She turned round, but kept her eyes sideways, dropping and lifting her dark lashes. Her mouth unpuckered as she said to Banford:
'Will you pour out?'
Then she went into the kitchen again.
'Have your tea where you are, will you?' said Banford to the youth--'unless you'd rather come to the table.'
'Well,' said he, 'I'm nice and comfortable here, aren't I? I will have it here, if you don't mind.'
'There's nothing but bread and jam,' she said. And she put his plate on a stool by him. She was very happy now, waiting on him. For she loved company. And now she was no more afraid of him than if he were her own younger brother. He was such a boy.
'Nellie,' she called. 'I've poured you a cup out.'
March appeared in the doorway, took her cup, and sat down in a corner, as far from the light as possible. She was very sensitive in her knees. Having no skirts to cover them, and being forced to sit with them boldly exposed, she suffered. She shrank and shrank, trying not to be seen. And the youth sprawling low on the couch, glanced up at her, with long, steady, penetrating looks, till she was almost ready to disappear. Yet she held her cup balanced, she drank her tea, screwed up her mouth and held her head averted. Her desire to be invisible was so strong that it quite baffled the youth. He felt he could not see her distinctly. She seemed like a shadow within the shadow. And ever his eyes came back to her, searching, unremitting, with unconscious fixed attention.
Meanwhile he was talking softly and smoothly to Banford, who loved nothing so much as gossip, and who was full of perky interest, like a bird. Also he ate largely and quickly and voraciously, so that March had to cut more chunks of bread and margarine, for the roughness of which Banford apologized.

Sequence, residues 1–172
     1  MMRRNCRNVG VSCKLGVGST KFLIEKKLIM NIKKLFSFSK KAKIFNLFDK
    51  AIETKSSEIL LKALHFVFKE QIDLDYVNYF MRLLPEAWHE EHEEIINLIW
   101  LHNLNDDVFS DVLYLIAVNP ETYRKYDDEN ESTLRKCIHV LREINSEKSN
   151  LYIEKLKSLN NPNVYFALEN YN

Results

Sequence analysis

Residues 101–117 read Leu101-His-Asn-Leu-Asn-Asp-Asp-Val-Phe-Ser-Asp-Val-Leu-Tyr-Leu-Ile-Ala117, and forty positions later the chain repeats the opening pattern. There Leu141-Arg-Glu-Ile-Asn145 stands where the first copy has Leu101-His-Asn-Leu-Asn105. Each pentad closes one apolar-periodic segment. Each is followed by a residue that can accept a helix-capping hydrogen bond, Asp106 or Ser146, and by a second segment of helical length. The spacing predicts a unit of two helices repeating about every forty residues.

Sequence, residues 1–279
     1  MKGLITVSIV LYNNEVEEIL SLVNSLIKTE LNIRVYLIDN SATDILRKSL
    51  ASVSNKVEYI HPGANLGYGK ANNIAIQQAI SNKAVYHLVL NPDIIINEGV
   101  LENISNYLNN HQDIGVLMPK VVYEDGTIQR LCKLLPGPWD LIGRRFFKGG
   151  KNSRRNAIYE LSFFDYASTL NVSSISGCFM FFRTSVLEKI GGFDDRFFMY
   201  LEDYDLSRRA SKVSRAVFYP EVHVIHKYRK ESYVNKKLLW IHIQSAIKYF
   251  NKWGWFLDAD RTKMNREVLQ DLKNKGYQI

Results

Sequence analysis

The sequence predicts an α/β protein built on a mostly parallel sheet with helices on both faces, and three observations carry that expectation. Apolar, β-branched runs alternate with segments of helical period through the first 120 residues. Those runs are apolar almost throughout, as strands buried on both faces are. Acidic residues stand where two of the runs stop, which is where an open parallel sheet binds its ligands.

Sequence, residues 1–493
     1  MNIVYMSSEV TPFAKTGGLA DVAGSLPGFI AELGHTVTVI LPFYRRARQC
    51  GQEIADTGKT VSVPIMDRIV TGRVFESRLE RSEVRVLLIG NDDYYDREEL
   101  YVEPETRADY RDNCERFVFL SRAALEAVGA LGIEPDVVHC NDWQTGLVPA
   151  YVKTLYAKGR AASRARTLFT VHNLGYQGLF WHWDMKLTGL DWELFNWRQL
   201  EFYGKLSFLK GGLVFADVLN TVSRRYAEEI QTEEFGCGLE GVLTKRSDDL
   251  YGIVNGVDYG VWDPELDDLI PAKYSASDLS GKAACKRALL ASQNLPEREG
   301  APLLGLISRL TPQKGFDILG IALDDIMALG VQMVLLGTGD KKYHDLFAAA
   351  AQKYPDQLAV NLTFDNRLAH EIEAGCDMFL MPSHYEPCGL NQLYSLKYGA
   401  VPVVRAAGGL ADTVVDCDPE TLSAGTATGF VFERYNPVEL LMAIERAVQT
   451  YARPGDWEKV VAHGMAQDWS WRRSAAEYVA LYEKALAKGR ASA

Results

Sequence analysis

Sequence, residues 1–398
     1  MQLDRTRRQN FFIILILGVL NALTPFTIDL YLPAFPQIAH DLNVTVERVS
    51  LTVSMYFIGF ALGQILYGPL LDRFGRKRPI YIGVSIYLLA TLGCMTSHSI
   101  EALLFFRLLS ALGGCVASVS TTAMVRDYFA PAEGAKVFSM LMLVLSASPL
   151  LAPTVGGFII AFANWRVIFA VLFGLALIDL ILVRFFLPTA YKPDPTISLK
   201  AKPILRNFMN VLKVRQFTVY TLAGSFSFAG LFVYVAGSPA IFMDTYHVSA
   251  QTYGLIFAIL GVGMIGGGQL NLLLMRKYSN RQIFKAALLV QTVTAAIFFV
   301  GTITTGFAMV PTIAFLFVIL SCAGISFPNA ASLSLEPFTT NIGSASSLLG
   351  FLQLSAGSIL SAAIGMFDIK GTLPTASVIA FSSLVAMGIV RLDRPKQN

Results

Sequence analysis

'Oh, well,' said March, suddenly speaking, 'if there's no butter to put on it, it's no good trying to make dainty pieces.'
Again the youth watched her, and he laughed, with a sudden, quick laugh, showing his teeth and wrinkling his nose.
'It isn't, is it,' he answered in his soft, near voice.
It appeared he was Cornish by birth and upbringing. When he was twelve years old he had come to Bailey Farm with his grandfather, with whom he had never agreed very well. So he had run away to Canada, and worked far away in the West. Now he was here--and that was the end of it.
He was very curious about the girls, to find out exactly what they were doing. His questions were those of a farm youth; acute, practical, a little mocking. He was very much amused by their attitude to their losses: for they were amusing on the score of heifers and fowls.
'Oh, well,' broke in March, 'we don't believe in living for nothing but work.'
'Don't you?' he answered. And again the quick young laugh came over his face. He kept his eyes steadily on the obscure woman in the corner.
'But what will you do when you've used up all your capital?' he said.
'Oh, I don't know,' answered March laconically. 'Hire ourselves out for land-workers, I suppose.'
'Yes, but there won't be any demand for women land-workers now the war's over,' said the youth.
'Oh, we'll see. We shall hold on a bit longer yet,' said March, with a plangent, half-sad, half-ironical indifference.
'There wants a man about the place,' said the youth softly.
Banford burst out laughing.
'Take care what you say,' she interrupted. 'We consider ourselves quite efficient.'
'Oh,' came March's slow plangent voice, 'it isn't a case of efficiency, I'm afraid. If you're going to do farming you must be at it from morning till night, and you might as well be a beast yourself.'
'Yes, that's it,' said the youth. 'You aren't willing to put yourselves into it.'
'We aren't,' said March, 'and we know it.'
'We want some of our time for ourselves,' said Banford.